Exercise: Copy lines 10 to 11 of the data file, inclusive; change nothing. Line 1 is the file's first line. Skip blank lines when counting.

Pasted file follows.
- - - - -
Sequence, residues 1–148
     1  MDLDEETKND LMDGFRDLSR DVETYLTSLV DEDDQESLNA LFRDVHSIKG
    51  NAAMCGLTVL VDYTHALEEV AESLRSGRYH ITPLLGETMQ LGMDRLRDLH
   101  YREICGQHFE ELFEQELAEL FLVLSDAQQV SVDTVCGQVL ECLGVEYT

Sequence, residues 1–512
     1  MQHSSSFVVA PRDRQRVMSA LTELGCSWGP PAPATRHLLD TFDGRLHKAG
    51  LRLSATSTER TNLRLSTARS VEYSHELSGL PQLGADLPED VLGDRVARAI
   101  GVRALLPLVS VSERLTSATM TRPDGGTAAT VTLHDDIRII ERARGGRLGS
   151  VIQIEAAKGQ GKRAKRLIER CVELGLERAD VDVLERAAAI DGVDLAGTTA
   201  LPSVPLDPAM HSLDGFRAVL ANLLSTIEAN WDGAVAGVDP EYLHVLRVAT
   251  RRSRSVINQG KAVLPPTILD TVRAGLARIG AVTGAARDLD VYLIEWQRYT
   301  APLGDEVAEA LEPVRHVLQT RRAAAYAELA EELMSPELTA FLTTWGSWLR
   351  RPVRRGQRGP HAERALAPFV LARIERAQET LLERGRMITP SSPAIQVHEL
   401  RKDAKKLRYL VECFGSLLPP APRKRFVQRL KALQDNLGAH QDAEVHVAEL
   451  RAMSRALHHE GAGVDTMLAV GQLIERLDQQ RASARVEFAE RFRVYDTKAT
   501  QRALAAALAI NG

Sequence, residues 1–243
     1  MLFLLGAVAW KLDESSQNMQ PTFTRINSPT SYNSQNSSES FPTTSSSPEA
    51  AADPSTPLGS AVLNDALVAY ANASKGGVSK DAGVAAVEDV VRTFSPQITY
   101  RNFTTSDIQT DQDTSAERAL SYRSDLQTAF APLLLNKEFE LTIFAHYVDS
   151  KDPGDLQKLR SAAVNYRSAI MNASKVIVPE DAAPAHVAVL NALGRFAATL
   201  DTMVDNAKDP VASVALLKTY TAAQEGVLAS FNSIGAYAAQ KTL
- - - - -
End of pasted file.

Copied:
   201  LPSVPLDPAM HSLDGFRAVL ANLLSTIEAN WDGAVAGVDP EYLHVLRVAT
   251  RRSRSVINQG KAVLPPTILD TVRAGLARIG AVTGAARDLD VYLIEWQRYT